Financial advisors enjoy helping investors see how well prepared they might be for the good, the bad, and the ugly. Sometimes it isn't the market that can cause things to turn out ugly. Bad things can happen, for example, when investors get so busy with life that they forget to simply review their beneficiary designations. It is surprising to see how many investors today who have not updated who they want their money to go to after they won't need it anymore. It brings to mind the 2-day classes that accountants and financial advisors have taken over the years taught by a friend who has been called America's IRA expert, Ed Slott, CPA. This is a true story from which we can all take notes.
Things happen when we assume
The class case study included a 1/3/05 article in the New York Post where a broke widower lost nearly $1M to his sister-in-law. The Brooklyn man says he was left in poverty after his wife's pension valued at almost $1 million was given to her sister instead of to her husband. He had hoped the Manhattan Supreme Court would decide to change the primary beneficiary from Anne Friedman's sister, Virginia McLaughlin to her husband,Bruce Friedman. Age 61 at the time, Mr. Friedman said, speaking of his wife Anne, "I lost the best thing that ever happened to me. I had no idea there was a question I wasn't the beneficiary."
Actually, there wasn't a question about the beneficiary. For nearly 20 years Bruce and Anne were happily married. Anne was a former city school principal who died suddenly of a massive heart attack in 2001. Mr. Friedman never doubted he was entitled to the lump-sum payment of $908,862 from the Teachers' Retirement System. Unfortunately Mr. Friedman never checked, nor did he see the annual statements that indicated his wife had named no beneficiary. It would appear that Bruce was Anne's closest relative as well as her primary beneficiary.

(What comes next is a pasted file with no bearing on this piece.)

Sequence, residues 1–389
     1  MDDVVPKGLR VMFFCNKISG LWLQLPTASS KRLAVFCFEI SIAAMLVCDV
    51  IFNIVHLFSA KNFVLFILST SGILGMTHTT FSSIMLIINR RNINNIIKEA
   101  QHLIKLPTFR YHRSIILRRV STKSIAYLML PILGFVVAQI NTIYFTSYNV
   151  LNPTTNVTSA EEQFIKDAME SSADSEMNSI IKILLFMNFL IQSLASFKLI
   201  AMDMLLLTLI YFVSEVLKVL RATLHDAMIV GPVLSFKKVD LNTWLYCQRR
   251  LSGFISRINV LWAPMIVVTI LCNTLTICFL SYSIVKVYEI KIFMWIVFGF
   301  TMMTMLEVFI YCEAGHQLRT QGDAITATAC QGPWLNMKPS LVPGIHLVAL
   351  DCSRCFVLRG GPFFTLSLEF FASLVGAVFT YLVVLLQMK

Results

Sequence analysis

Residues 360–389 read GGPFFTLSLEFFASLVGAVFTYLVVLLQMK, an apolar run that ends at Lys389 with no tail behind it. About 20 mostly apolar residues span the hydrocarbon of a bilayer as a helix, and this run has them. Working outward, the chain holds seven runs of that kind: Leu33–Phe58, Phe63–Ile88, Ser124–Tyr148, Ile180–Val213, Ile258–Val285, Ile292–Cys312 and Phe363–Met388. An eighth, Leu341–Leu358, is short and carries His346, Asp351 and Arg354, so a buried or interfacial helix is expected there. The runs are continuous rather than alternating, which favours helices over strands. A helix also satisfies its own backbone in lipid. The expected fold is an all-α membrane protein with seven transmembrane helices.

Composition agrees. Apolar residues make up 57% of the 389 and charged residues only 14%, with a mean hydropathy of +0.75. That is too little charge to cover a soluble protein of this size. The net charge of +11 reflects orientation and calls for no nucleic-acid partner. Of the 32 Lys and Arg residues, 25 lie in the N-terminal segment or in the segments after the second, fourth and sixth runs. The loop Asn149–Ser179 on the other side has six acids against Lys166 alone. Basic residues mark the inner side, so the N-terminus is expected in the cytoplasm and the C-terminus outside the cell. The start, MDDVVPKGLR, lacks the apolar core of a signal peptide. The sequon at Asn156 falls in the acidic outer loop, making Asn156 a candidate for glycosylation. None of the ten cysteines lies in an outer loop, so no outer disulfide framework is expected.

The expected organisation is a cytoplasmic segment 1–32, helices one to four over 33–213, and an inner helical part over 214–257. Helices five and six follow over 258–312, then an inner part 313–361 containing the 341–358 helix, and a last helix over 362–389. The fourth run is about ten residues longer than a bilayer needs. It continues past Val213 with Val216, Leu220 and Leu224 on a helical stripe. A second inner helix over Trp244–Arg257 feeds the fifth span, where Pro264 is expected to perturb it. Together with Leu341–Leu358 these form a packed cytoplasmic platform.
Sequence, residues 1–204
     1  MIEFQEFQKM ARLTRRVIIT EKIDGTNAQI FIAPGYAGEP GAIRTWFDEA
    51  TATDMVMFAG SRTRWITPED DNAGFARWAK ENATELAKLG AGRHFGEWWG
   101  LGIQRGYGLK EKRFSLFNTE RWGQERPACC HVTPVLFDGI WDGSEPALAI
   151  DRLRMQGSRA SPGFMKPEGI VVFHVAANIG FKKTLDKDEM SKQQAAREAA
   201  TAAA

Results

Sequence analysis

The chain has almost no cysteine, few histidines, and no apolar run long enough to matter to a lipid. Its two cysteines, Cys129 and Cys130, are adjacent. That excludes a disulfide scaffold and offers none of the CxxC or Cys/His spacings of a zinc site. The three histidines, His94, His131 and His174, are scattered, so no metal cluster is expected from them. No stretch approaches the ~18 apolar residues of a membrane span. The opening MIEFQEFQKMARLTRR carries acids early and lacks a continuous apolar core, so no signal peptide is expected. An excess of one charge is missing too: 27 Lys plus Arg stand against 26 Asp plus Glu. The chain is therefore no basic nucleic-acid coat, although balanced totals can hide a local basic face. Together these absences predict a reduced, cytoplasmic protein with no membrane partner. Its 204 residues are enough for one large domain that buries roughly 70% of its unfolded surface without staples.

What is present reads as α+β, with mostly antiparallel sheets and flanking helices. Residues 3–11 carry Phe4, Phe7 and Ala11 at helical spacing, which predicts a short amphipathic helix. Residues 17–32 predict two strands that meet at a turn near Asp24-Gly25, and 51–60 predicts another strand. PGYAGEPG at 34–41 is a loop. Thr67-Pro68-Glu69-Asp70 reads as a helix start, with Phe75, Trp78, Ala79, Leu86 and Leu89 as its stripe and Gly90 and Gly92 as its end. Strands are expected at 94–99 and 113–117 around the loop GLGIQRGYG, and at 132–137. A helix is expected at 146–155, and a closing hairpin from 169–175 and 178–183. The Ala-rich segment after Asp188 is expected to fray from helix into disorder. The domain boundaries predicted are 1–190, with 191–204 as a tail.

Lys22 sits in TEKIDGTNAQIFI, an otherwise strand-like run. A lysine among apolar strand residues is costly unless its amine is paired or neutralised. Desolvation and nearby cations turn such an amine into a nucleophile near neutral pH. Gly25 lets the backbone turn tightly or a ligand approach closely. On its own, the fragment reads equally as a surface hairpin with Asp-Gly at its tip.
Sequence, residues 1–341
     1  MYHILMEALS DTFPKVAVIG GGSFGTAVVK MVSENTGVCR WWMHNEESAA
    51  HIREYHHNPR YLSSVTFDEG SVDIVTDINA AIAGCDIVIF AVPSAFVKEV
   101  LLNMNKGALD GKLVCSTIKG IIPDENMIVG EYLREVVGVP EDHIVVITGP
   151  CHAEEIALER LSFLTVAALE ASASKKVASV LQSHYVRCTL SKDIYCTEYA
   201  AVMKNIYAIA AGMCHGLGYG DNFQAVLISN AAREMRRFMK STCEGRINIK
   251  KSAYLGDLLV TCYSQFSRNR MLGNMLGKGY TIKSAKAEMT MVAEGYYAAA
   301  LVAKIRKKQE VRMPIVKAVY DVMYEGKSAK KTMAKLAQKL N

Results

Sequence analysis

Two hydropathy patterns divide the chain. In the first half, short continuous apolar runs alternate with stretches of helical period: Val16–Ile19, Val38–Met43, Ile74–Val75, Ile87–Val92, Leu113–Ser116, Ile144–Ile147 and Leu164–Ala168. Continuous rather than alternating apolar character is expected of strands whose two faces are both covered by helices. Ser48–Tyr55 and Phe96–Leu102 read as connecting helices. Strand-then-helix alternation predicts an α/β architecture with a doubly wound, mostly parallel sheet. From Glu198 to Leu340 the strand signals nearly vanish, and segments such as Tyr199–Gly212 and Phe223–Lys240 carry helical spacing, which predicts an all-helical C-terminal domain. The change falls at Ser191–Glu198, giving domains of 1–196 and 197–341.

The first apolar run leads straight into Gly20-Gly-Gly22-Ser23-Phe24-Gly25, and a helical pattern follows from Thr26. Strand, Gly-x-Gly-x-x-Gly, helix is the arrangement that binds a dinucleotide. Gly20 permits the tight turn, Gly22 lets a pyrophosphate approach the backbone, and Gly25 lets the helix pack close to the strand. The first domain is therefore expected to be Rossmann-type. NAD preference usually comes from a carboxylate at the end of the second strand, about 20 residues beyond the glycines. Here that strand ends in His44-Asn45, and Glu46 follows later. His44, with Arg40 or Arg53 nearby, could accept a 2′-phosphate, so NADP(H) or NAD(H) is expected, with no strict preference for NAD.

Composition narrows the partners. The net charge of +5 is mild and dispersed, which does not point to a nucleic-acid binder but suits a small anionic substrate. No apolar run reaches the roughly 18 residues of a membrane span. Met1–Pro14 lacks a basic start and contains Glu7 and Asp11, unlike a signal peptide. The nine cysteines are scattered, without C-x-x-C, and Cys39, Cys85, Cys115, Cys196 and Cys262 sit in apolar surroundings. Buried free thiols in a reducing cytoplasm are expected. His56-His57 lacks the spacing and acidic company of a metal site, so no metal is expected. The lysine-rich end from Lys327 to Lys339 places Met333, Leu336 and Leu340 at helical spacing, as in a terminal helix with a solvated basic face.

Trust, but verify
After Anne died, officials discovered a form which had been filled out 27 years before the issue arose, which was also 4 years prior to the couple meeting on a blind date in 1978. It showed that Anne's mother, uncle, and sister were the primary beneficiaries. Since Anne's mother and uncle had passed away, the money was awared to her sister. Bruce complained that she won't give him a dime. Last we heard was that Bruce was just making ends meet.
New York's highest court ruled that Anne's intention of making her husband the beneficiary could not be assumed and that the paperwork on file was clear. The Supreme Court's decision was upheld by the Appellate Division in December, 2004.
Friedman's lawyer, Sanford Young remarked that the decision was "sobering." He went on to say, "Make sure you update your pension beneficiary forms. If you don't, your spouse and family may wind up with nothing."
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